Genesis meaning | Genesis etymology

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Genesis in Biblical Greek
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The name Genesis

In the Hebrew tradition, the title of the book of Genesis is the same as the first word: בראשית (breshit), usually very roughly translated with 'in the beginning.' See our article on In The Beginning to explore the vast meaning of this majestic phrase. But what the original title of this work was we don't know, simply because there was no original work. What we call the Bible is in fact a compilation of what we figure are separate books. But these books themselves are too compilations. Scholars generally deem it obvious that the book of Genesis as we have it, is a carefully edited compilation of much older sources.

Archeology has shown that much of the details of the historic books of the Bible are accurate for the time which they cover, but certainly not for the time in which they were finalized. Since the editors had no Britannica to consult, they must have used sources that had survived until then. It remains a mystery, however, that such a massive undertaking with such enormous results, remains unnoted anywhere in or outside Scriptures. Until that mystery is solved we must admit that we don't know how we got the Bible. And even if that mystery is solved, there is still the mystery of how the ancients came into possession of a text so complex and so wise that it still baffles people today.

Etymology of the name Genesis

Genesis is the Greek title of the first book of the Bible. It comes from the same stock as words such as gene, generation, genealogy and even words such as hydrogen and androgen, and was ultimately derived from the verb γινομαι (ginomai), meaning to be or begin to be:

Abarim Publications Theological Dictionary

Genesis and beginnings

The name Genesis means Origin or Beginning, and beginnings are a big deal in Scriptures, although most of them are qualitative transitions rather than absolute beginnings. A 'beginning' in the Bible is usually some point on a complexity scale that is preceded by a period of convergence of certain pre-beginning elements, and succeeded by a period of divergence of post-beginning elements. Think of Adam, for instance. First there is dust of the earth (pre-beginning elements), then God brings some of it together (period of convergence), breathes into that compilation the breath of life, and Adam begins to be. After his beginning, Adam proceeds to produce offspring (post-beginning elements), which diverge in all directions and people the earth (period of divergence).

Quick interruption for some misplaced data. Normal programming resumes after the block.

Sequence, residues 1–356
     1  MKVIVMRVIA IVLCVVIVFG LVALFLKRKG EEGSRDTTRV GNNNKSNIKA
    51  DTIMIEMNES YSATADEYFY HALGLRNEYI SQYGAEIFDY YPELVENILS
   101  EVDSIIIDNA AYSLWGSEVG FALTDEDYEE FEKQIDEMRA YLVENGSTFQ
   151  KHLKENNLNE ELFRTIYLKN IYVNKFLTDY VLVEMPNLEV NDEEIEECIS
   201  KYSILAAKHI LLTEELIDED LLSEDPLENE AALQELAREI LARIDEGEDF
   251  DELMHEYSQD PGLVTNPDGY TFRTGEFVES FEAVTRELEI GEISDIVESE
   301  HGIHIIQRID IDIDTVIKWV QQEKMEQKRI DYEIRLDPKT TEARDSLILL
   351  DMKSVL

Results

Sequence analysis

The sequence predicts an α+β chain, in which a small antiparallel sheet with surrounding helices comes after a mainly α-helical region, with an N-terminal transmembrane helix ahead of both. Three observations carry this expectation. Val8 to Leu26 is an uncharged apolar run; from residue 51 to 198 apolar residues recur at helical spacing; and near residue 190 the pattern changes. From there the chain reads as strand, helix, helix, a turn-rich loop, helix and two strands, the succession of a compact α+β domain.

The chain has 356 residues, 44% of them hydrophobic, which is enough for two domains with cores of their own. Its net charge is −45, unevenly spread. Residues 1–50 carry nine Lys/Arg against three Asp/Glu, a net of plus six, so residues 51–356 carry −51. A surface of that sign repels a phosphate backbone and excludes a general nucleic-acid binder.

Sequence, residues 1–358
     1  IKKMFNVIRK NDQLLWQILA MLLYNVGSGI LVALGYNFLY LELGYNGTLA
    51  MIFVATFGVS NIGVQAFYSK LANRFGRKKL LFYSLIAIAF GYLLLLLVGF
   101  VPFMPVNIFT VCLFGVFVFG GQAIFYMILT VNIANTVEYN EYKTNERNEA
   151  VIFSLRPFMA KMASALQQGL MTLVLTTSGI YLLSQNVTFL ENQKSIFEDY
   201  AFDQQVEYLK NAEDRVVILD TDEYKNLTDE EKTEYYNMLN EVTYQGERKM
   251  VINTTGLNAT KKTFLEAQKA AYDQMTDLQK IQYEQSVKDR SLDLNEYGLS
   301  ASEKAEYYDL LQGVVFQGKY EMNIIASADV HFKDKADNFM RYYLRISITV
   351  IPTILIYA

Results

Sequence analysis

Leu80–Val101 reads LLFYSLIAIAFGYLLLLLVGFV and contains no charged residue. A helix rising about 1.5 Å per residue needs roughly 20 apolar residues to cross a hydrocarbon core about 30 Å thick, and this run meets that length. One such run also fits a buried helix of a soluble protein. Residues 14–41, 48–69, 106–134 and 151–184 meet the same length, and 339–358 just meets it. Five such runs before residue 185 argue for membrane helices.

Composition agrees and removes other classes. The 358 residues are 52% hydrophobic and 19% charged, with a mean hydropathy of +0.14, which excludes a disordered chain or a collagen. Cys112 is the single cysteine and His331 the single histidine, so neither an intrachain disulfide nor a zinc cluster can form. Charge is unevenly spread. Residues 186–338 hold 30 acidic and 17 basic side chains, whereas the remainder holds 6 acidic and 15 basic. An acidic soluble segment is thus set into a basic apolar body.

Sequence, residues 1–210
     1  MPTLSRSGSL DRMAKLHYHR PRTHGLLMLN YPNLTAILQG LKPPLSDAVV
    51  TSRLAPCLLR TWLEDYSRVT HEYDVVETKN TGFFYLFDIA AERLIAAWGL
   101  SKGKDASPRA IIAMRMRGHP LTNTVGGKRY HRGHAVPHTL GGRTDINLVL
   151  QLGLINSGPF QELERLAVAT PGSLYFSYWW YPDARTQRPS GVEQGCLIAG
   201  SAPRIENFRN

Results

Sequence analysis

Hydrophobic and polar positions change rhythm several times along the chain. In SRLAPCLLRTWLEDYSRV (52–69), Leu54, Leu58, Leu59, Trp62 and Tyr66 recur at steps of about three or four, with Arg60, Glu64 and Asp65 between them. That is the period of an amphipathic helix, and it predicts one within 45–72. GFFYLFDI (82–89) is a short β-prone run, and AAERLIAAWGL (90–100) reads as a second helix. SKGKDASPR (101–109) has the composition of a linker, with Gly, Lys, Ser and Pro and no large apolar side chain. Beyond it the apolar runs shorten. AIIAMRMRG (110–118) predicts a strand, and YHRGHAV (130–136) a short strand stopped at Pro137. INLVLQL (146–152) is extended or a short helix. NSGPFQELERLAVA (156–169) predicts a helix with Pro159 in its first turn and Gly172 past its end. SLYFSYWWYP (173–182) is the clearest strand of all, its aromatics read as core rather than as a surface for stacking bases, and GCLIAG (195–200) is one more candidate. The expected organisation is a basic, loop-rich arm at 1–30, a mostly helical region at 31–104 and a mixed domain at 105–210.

The tower of Babel story is another example. First there are one-lipped people who converge upon Shinar, stack bricks until God drops the axe, and diverge language-wise. Another beautiful instance of this same structure occurs on the third creation day, where the lower body of water converges (in Hebrew: gathers into one place) so that dry land can be seen. The dry land subsequently begins to sprout vegetation. For a discussion of this passage, which obviously is not about low tide and shrubs, see our articles on Genesis 1 and the Chaotic Set Theory.

Sometimes one of the elements of the beginning-structure is unclear. Take the beginning of Israel, for instance. There's no real convergence of pre-beginning elements, apart perhaps from Jacob gathering his family and flocks to set out for Canaan (Genesis 30:26). The point of transition, however, is among the most celebrated in the Bible, as well as one of its most enigmatic scenes. On the bank of the Jabbok, Jacob wrestles with 'a man' (איש ish, see the name Ishi), whom Hosea identifies as God (אלהים Elohim; Hosea 12:3) and an angel (12:4). After the struggle Jacob the man has become Israel the nation, and as such it grows from a group of nomads to an enslaved people, to a political entity, to a kingdom and finally to a Kingdom.

The beginning of the Kingdom of God is probably the most extensive instance of the beginning-structure. The gathering of the pre-beginning elements begins pretty much on the first page of the Bible and is concentrated upon from then on, from studies of the 'assembly of God' in the Pentateuch, to the call to repent by John the Baptist. The transition point, by Christians called the Second Coming of Christ, lies fixed on the complexity scale but renders a mysterious and paradoxical presence on a temporal scale. The Bible speaks of end of days, but does so from as early as Genesis 4. The only thing that is clear is that the transition from pre-Kingdom to Kingdom will be as massive as the change from dust-of-the-earth to Adam the living soul.

If God Himself produced the Bible onto the human stage, it seems likely that He did so according to the beginning-structure that it purports. A thoroughly revised and expanded version of the original Source- or Document Theory (which speaks of the various sources named E, J, P, D etc) seems not only historically and linguistically likely correct, it's also supported by the very document it discusses.

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